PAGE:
C++ Copy Constructor

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The copy constructor is a constructor which creates an object by initializing it with an object of the same class, which has been created previously. The copy constructor is used to:

  • Initialize one object from another of the same type.

  • Copy an object to pass it as an argument to a function.

  • Copy an object to return it from a function.

If a copy constructor is not defined in a class, the compiler itself defines one.If the class has pointer variables and has some dynamic memory allocations, then it is a must to have a copy constructor. The most common form of copy constructor is shown here:

classname (const classname &obj) {
   // body of constructor
}

Here, obj is a reference to an object that is being used to initialize another object.

#include <iostream>

using namespace std;

class Line
{
   public:
      int getLength( void );
      Line( int len );             // simple constructor
      Line( const Line &obj);  // copy constructor
      ~Line();                     // destructor

   private:
      int *ptr;
};

// Member functions definitions including constructor
Line::Line(int len)
{
    cout << "Normal constructor allocating ptr" << endl;
    // allocate memory for the pointer;
    ptr = new int;
    *ptr = len;
}

Line::Line(const Line &obj)
{
    cout << "Copy constructor allocating ptr." << endl;
    ptr = new int;
   *ptr = *obj.ptr; // copy the value
}

Line::~Line(void)
{
    cout << "Freeing memory!" << endl;
    delete ptr;
}
int Line::getLength( void )
{
    return *ptr;
}

void display(Line obj)
{
   cout << "Length of line : " << obj.getLength() <<endl;
}

// Main function for the program
int main( )
{
   Line line(10);

   display(line);

   return 0;
}

When the above code is compiled and executed, it produces the following result:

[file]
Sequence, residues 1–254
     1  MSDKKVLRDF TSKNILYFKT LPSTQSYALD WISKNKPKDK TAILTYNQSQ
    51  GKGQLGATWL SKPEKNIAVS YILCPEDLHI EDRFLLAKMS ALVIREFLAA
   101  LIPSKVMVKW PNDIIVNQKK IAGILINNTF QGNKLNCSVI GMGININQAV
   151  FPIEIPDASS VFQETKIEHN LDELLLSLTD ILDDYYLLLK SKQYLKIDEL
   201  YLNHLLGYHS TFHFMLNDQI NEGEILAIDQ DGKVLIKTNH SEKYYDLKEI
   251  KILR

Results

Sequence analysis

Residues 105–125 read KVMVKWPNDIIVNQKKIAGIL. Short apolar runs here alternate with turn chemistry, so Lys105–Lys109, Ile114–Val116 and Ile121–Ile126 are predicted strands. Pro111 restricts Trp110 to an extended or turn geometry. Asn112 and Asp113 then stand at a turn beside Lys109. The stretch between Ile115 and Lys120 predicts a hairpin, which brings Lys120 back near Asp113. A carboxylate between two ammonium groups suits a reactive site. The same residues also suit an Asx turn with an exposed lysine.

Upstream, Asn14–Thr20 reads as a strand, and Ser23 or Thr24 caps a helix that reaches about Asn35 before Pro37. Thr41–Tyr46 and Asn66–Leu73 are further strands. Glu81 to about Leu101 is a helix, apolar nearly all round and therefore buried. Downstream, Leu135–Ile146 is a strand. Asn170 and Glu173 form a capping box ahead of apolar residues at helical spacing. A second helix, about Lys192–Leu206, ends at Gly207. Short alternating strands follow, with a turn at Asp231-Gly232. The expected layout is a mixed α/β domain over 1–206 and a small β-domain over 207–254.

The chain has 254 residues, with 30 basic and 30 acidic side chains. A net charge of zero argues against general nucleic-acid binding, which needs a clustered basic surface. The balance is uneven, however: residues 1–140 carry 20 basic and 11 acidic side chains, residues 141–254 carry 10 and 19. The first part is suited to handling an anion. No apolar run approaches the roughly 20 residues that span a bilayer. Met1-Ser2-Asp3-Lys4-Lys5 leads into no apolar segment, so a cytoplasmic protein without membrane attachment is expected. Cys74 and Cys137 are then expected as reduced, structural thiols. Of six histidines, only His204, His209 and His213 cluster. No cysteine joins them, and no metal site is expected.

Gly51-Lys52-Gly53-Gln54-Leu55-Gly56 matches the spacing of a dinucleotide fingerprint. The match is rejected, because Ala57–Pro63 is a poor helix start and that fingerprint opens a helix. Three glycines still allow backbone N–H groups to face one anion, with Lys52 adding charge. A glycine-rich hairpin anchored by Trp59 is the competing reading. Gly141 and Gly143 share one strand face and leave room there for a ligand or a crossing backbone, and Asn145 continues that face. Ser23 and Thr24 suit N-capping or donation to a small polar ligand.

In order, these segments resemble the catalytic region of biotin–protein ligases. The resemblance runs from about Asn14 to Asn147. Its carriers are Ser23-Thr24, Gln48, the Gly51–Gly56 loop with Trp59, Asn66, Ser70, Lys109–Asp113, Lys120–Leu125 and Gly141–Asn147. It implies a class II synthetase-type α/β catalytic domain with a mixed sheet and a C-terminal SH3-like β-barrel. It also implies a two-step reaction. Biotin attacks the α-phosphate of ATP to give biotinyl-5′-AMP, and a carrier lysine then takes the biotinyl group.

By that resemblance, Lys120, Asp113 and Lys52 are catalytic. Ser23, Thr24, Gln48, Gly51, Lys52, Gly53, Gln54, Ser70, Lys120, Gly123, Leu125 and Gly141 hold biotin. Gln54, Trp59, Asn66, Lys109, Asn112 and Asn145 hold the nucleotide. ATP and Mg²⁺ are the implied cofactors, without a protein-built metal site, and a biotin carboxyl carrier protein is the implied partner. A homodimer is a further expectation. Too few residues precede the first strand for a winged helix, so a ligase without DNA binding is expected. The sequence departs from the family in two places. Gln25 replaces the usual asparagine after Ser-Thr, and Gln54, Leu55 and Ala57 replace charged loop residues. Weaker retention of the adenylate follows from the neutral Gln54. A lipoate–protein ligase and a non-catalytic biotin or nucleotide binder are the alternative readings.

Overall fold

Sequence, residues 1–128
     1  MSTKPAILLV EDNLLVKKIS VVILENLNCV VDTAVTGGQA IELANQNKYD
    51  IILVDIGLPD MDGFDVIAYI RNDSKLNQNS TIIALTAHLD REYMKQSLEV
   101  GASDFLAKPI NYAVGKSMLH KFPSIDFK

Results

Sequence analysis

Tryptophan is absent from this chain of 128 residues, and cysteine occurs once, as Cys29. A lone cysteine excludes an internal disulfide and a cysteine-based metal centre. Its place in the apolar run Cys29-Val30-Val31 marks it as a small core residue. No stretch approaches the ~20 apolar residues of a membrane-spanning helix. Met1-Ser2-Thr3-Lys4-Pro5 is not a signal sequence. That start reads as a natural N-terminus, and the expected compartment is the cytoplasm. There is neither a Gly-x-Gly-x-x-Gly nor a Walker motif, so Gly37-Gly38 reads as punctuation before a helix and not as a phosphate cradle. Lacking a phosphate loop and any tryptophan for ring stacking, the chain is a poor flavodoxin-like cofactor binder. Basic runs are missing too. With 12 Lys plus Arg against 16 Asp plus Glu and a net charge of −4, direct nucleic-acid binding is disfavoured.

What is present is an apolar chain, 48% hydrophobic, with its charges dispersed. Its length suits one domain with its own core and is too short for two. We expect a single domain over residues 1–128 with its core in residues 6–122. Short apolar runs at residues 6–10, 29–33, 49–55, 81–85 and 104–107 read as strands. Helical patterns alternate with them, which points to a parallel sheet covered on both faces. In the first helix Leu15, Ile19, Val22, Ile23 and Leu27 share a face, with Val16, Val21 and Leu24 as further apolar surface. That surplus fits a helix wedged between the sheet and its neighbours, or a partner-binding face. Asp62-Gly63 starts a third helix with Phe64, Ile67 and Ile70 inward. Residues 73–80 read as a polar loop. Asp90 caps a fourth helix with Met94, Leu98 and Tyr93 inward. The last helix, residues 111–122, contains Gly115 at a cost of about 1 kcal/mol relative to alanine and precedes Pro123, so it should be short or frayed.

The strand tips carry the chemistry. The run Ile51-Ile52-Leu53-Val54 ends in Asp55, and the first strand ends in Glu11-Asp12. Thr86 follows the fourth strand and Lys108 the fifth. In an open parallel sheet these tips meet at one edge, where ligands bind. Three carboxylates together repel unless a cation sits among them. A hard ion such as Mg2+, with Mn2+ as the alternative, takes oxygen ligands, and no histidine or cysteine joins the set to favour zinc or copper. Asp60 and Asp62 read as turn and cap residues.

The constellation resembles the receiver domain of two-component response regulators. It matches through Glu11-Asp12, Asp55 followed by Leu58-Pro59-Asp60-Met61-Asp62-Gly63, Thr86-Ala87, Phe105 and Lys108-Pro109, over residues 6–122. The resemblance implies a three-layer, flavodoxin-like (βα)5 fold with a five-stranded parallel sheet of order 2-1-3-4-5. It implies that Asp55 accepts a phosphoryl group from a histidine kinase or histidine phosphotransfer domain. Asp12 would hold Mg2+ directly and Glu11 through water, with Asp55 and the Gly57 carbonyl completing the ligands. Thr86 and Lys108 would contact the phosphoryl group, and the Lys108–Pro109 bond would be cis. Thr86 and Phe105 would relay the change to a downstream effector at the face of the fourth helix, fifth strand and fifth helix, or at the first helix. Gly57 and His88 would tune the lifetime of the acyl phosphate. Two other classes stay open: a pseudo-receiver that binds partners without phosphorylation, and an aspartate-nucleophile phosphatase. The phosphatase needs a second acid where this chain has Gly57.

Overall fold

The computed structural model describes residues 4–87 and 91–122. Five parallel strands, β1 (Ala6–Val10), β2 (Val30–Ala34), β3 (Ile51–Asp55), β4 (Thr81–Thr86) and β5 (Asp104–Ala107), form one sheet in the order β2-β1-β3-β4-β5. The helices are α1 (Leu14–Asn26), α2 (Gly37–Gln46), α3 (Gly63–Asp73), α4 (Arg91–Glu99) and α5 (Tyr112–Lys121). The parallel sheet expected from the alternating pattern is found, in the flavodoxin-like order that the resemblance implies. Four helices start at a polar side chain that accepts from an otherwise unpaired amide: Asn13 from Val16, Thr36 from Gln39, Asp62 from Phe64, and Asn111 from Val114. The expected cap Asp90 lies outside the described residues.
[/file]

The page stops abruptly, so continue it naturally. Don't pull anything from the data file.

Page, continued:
Normal constructor allocating ptr
Copy constructor allocating ptr.
Length of line : 10
Freeing memory!
Freeing memory!

Let us see the same example but with a small change to create another object using existing object of the same type:

#include <iostream>

using namespace std;

class Line
{
   public:
      int getLength( void );
      Line( int len );             // simple constructor
      Line( const Line &obj);  // copy constructor
      ~Line();                     // destructor

   private:
      int *ptr;
};

// Member functions definitions including constructor
Line::Line(int len)
{
    cout << "Normal constructor allocating ptr" << endl;
    // allocate memory for the pointer;
    ptr = new int;
    *ptr = len;
}

Line::Line(const Line &obj)
{
    cout << "Copy constructor allocating ptr." << endl;
    ptr = new int;
   *ptr = *obj.ptr; // copy the value
}

Line::~Line(void)
{
    cout << "Freeing memory!" << endl;
    delete ptr;
}
int Line::getLength( void )
{
    return *ptr;
}

void display(Line obj)
{
   cout << "Length of line : " << obj.getLength() <<endl;
}

// Main function for the program
int main( )
{
   Line line1(10);

   Line line2 = line1; // This also calls copy constructor

   display(line1);
   display(line2);

   return 0;
}

When the above code is compiled and executed, it produces the following result:

Normal constructor allocating ptr
Copy constructor allocating ptr.
Copy constructor allocating ptr.
Length of line : 10
Freeing memory!
Copy constructor allocating ptr.
Length of line : 10
Freeing memory!
Freeing memory!
Freeing memory!



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